Staying in front
The latest research to keep you ahead of breast cancer
56 per cent of women report breast cancer in the later stages
61 per cent of breast cancer patients are between the ages of 35 and 50
75 per cent of breast lumps are benign (but get it checked by a doctor anyway)
One in 30 women will be diagnosed with breast cancer (up from one in 40, two years ago). You think it won’t happen to you — and you’re probably right. While the risk over all has increased, we’re also better informed than ever about preventing, detecting and treating the disease, and early diagnosis leads to a higher chance of survival.
HOW TO GET STARTED
Do it yourself
First step: get to know your breasts better with a self-exam. A monthly touch-and-feel (after the last day of your period) will give you a baseline to go by, so you’ll notice immediately if something is off. The self-exam is the simplest test and it’s never too late to do one. You can do it in the shower, on the bed or in front of a mirror, and no, you can’t trust your partner to do it for you. If you do find something unusual, remain calm; most breast lumps are benign but only an appointment with a doctor can confirm this.
Visit an expert
While it’s important to conduct a monthly self-exam, don’t skip the annual doctor’s visit. A clinical breast exam is an important part of early detection because your doctor will be able to watch out for suspicious changes in places that might fail to register with you. This is especially important for women under 40 who have denser breast tissue, which makes it tough to get accurate mammogram results.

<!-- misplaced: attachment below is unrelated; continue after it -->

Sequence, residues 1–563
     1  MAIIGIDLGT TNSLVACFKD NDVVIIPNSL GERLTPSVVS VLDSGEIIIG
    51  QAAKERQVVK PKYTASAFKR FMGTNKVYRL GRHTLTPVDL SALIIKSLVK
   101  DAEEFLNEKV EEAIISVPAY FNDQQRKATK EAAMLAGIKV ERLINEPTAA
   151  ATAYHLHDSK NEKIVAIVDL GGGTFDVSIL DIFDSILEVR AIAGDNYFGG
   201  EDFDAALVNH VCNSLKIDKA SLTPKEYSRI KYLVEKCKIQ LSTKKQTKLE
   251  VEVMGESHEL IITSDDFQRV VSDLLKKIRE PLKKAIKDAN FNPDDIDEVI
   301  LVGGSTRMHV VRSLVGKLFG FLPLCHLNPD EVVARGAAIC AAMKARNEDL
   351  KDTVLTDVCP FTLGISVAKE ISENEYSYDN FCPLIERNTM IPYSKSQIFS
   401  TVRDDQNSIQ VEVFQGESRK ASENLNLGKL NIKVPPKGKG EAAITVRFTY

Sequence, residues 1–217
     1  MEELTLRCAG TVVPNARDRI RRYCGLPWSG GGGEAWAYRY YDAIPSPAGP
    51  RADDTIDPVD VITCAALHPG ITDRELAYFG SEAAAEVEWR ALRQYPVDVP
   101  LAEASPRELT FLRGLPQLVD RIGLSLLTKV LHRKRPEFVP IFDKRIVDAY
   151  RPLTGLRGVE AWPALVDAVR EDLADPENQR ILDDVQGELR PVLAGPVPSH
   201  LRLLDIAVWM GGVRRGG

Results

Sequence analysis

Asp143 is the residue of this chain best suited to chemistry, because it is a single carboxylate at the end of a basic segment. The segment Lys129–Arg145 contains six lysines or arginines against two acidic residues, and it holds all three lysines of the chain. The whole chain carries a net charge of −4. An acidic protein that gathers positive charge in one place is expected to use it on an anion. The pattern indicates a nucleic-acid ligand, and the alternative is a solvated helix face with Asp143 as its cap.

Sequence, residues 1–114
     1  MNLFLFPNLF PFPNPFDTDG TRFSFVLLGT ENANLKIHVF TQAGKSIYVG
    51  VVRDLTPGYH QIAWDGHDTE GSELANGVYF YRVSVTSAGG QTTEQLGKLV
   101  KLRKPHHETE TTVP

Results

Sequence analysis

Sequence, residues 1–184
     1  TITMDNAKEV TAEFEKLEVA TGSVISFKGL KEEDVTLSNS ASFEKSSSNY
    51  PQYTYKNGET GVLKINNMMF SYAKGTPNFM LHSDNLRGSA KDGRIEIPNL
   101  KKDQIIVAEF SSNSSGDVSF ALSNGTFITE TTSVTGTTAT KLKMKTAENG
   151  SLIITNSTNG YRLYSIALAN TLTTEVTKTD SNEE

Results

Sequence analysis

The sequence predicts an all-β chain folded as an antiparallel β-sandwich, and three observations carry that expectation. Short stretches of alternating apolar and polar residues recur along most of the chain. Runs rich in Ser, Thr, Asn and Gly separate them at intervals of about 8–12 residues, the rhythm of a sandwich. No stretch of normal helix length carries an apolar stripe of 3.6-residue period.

Get a closer look
Don’t be alarmed if your doctor asks you to schedule an annual mammogram once you hit 40. Like an X-ray, it allows a specialist to examine your breasts in greater detail, and it’s recommended even if you are healthy. The test can often show a lump even before it can be felt. If you have a family history of breast cancer or the BRCA gene mutation, then chalk out a plan of action with your doctor. Looking for a hospital to get screened? Visit Ogaan Cancer Foundation’s website to find a clinic in your city.
HOW TO DO THE SELF-EXAM
1. Take the up-to-down approach and check from your collarbone to your underarms, the sides of your breasts and also underneath your breasts.
2. Press in a circular motion and repeat this exercise a second time using more pressure till you feel the breast tissue. Lumps can be as small as a pea.
3. Use a mirror to check for any abnormal changes: swelling, soreness, rashes, dimpled skin, darkening or nipple discharge.
4. If you find something suspicious, make an appointment with a doctor.
5. It’s important to know what’s normal for your breasts; for instance, women with fibrocystic breast tissue (a condition that leads to denser breast tissue) need to be diligent about self-exams as feeling bumps is common in this condition.
HOW TO CUT YOUR RISK
Put on your training shoes
It’s never too late to get healthy, especially when a new research claims that 30 minutes of walking over many years can reduce the risk of developing breast cancer significantly.
Eat like you’re Greek
Switch to a Mediterranean diet and eat lots of fruits and leafy veggies with a dash of olive oil to boost your immunity.
Skip happy hour
More than two drinks a day can increase your risk of breast cancer by 20 per cent.